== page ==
The 2018 Indie Game of the Year
The end of the year is fast approaching, and it's during this time that we look back on all the great games released in 2018. Once again, there was plenty variety to be found in the indie scene, with some titles paying homage to the greats of a bygone era and others striving to create new and exciting experiences for players.
Here are the best indie games of the year.
While the Metroidvania never really went away completely, 2015's Axiom Verge planted the seeds for what would be a full-on resurgence. This year, Timespinner took inspiration from Castlevania: Symphony of the Night, producing a quality 2D action-adventure game that would've fit right in back in the '90s. Yoku's Island Express took the Metroidvania format and built a pinball-platformer around it. Dandara changed the way you traversed the game map, limiting your movement to diagonal dash-jumps and stripping away walking and running mechanics.
A few indie RPGs also hit the scene in 2018 in a big way. Channeling its inner EarthBound, Jimmy and the Pulsating Mass provided a quirky role-playing adventure. Meanwhile Moonlighter put you in the shoes of a shopkeeper, selling wares to travelers and adventurers by day and doing some dungeon crawling by night to restock your inventory. Then there was Into the Breach, the latest endeavor from the team behind FTL. Mixing tactical RPG gameplay with rogue-lite elements, Into the Breach provided a deep, rewarding, and smart grid-based experience.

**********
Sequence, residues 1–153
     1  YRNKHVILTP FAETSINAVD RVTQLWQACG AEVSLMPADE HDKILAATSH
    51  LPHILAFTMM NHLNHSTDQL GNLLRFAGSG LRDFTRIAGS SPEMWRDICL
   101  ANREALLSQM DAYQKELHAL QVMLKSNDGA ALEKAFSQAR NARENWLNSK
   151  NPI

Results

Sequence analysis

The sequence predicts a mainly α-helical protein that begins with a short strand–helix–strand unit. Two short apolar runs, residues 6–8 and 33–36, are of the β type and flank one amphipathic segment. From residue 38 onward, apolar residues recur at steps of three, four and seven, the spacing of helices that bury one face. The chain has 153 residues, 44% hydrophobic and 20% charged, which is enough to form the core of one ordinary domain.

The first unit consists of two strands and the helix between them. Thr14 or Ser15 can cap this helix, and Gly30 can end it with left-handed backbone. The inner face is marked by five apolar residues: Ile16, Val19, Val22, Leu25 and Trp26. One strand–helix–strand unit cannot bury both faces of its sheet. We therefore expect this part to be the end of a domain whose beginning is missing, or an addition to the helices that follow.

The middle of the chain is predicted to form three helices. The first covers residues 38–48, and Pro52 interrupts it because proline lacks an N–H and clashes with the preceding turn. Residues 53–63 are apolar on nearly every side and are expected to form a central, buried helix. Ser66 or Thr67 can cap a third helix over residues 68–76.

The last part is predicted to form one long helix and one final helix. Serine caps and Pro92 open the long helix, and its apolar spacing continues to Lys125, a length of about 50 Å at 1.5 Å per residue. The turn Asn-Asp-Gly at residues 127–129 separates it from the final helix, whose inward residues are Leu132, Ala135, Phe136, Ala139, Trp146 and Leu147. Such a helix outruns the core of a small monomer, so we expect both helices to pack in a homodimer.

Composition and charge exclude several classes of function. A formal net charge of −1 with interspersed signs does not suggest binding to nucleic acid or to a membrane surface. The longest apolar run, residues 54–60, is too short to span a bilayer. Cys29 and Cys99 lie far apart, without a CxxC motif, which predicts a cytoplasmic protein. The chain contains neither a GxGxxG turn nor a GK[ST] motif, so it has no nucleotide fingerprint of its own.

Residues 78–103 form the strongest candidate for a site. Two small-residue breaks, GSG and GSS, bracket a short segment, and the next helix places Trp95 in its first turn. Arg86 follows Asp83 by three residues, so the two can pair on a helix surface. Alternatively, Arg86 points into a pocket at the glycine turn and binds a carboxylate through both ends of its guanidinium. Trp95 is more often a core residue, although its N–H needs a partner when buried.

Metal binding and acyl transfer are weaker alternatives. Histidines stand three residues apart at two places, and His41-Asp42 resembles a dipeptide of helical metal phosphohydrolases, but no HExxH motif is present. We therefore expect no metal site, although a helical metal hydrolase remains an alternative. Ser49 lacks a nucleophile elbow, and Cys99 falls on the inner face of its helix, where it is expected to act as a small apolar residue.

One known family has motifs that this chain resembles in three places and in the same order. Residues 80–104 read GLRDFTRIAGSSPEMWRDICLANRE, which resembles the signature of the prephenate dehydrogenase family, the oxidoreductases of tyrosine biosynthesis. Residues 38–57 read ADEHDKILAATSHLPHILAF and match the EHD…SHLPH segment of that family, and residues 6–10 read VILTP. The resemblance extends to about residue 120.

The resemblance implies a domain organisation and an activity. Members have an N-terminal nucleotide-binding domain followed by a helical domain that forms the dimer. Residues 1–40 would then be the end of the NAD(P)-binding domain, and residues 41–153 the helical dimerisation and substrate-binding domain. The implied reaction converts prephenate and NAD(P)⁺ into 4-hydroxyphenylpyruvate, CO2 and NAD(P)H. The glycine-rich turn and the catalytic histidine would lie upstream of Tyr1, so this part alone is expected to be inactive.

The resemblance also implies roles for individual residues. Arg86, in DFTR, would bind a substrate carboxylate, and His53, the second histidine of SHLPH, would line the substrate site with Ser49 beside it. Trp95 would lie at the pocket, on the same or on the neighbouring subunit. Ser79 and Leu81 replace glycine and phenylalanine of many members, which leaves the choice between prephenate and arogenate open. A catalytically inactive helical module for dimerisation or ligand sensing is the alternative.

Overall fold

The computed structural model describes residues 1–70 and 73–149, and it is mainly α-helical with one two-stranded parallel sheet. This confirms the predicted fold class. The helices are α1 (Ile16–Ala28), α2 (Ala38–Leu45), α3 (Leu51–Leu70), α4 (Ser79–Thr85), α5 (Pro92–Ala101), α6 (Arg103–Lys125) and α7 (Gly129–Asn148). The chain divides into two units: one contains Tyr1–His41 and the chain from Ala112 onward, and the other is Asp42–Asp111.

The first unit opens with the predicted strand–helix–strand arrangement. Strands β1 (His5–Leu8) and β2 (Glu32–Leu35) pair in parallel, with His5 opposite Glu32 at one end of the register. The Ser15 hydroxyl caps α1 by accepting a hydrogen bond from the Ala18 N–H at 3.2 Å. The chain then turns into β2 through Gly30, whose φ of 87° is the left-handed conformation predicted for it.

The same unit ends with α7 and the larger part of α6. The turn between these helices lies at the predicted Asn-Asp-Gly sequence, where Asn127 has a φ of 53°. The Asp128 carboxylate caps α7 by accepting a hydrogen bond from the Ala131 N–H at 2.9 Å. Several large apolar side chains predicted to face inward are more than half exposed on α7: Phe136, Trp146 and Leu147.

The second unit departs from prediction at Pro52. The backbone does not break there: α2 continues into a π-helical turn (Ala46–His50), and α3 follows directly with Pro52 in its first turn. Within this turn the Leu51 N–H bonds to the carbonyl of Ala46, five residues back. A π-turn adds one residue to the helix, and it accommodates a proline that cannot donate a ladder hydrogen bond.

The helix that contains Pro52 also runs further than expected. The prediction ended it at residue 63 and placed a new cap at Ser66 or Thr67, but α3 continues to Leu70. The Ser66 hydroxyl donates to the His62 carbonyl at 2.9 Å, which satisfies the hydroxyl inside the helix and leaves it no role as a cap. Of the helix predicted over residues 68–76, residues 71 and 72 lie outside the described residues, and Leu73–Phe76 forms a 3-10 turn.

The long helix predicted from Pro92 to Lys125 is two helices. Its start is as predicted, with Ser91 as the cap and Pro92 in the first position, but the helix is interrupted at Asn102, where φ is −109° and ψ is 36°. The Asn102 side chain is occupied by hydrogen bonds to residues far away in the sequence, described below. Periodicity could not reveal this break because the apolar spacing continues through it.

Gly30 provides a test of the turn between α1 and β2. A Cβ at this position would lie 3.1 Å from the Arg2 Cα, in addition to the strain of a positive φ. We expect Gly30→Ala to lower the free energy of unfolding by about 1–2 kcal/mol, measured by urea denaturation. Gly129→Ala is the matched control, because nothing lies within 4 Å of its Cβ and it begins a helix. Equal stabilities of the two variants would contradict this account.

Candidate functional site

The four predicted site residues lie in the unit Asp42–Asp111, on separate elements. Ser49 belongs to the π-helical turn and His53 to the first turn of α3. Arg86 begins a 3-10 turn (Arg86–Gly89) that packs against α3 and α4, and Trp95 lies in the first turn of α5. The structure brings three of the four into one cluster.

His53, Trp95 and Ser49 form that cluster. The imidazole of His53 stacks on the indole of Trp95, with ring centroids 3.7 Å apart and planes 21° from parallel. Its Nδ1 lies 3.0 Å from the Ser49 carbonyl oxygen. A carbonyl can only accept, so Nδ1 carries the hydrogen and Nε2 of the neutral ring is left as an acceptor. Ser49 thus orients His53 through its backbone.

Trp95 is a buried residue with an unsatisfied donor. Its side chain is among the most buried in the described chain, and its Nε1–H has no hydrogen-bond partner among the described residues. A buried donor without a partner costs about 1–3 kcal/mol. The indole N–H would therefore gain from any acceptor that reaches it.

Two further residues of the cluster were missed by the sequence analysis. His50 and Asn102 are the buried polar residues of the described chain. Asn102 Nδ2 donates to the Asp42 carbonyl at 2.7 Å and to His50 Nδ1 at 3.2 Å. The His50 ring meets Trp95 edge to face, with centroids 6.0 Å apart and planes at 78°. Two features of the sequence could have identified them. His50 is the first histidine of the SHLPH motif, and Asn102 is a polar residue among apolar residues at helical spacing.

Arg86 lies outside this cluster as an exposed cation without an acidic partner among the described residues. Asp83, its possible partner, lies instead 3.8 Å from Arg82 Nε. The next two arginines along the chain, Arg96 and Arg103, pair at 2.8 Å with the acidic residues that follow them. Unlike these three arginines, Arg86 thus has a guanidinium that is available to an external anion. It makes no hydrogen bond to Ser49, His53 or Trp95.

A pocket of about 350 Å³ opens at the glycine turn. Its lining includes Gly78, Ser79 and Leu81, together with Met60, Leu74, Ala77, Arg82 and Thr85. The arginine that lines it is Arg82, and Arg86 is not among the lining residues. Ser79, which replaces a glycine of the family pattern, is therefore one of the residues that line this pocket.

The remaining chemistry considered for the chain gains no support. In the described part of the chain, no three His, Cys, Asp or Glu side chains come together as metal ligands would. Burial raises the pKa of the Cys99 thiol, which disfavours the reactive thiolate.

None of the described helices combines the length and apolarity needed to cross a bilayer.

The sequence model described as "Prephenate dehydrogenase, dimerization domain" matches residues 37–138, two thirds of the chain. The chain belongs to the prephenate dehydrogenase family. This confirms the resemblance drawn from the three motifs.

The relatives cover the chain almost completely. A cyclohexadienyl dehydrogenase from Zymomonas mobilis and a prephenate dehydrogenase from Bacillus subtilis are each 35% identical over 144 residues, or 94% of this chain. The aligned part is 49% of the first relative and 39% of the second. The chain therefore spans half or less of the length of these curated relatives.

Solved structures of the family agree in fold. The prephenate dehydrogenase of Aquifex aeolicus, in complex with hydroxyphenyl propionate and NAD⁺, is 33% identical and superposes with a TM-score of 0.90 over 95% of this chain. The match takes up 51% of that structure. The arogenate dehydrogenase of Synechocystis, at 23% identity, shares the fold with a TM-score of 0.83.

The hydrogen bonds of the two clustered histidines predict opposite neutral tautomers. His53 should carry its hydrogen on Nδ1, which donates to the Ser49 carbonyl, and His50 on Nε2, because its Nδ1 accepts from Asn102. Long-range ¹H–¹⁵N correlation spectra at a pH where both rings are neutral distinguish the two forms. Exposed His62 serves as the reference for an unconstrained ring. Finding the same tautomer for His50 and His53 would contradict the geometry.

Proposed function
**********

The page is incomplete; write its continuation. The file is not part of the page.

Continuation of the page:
Then there was Donut County, which was just a really good time. Seriously, if you haven't played it yet, just go do that right now. Don't even watch any videos of Donut County — play Donut County.
Runner-Up: The Messenger
The Messenger from Sabotage Studio may start out like an obvious tribute to Ninja Gaiden on the NES, but it soon evolves into one of 2018's best Metroidvania titles. The gameplay is tough action-platformer fare in the beginning, but around the halfway point, you unlock new abilities that allow you to traverse the ever-changing world in fun ways.